So, you’ve just been given your final logo and you can’t wait to use it! You open the package that was sent to you, click on that logo folder, and discover three separate folders within it – JPG, PNG, and SVG. Why are there three different versions? Which one should I use?
Here I am going to quickly explain the different logo file types and some general tips on how your company can use them to their advantage online.
A jpg file is the most used file type and the one that people are the most familiar with. It typically takes less storage and so is quick to upload. They are the best choice for real-life images, like photographs, in their normal rectangular formats. Most cameras and phones save your pictures in JPG format.
To create a jpg, an image is compressed, meaning that some information is deleted to save storage space. This can lead to loss of quality when trying to make the image larger or saving the image as a JPG multiple times.
For your logo, use your high-quality JPG images when a white background is being used. For example, as a social media profile image, on a website with a white backdrop, or on stationery such as on your letterhead.
The next type is the png file. It is a larger file size and so it can be slower to load on older websites. This type of file maintains the transparency of the background surrounding your logo.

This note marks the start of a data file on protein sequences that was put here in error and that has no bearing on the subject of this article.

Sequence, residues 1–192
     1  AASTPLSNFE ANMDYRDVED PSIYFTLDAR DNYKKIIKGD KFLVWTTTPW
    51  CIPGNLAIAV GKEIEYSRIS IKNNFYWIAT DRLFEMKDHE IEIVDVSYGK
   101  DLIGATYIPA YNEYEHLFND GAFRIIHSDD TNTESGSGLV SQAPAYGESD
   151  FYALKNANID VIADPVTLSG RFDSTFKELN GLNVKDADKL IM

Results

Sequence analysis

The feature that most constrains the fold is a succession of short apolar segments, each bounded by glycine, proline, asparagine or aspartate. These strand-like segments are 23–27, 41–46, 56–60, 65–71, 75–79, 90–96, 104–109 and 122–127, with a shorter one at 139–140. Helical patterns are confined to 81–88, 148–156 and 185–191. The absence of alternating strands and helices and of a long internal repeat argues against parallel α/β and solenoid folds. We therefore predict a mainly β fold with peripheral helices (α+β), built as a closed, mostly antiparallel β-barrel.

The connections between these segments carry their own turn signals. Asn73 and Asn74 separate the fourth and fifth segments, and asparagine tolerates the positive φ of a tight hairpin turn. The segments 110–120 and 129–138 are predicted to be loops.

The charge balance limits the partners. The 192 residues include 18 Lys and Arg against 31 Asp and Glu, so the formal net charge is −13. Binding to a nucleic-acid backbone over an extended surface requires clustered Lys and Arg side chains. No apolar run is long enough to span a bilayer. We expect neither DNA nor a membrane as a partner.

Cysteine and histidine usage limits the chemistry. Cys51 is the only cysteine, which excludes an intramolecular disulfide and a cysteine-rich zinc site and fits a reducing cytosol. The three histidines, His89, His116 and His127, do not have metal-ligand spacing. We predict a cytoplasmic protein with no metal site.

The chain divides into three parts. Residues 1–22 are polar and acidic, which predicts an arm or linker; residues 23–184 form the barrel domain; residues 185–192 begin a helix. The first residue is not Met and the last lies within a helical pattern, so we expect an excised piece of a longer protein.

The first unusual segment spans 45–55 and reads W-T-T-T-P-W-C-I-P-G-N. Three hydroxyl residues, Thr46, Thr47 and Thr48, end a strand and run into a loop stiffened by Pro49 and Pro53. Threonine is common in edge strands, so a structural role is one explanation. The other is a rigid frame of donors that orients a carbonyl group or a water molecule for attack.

This means it can act as a sort of stamp when you use it online. It will go over your background but not have a block of white surrounding it. This is especially useful if you are using it with a patterned backdrop or on top of any colour other than white.
The newest of these file types, the SVG is a vector image file, meaning it is drawn mathematically instead of with pixels. They do tend to be the largest files when compared to the other formats.
On the positive side, SVG files retain a high resolution (sharp and clear) at any size. These files can also be animated, they support transparency like the PNG, and can use all the colours of the web.
You may not use this type of file for your logo often unless you are a designer, but it is good for you to have on hand. If you go to print your logo on company merchandise, such as on tee shirts, this is the type of file a printer may ask you for.
|File Type||When To Use||Examples|
|JPG||On White Backgrounds||Social Media, Websites, Letterheads|
|PNG||On Patterned/Coloured Backgrounds||Websites, Advertisements|
|SVG||In Digital Programs||Merchandise, Designing A Website|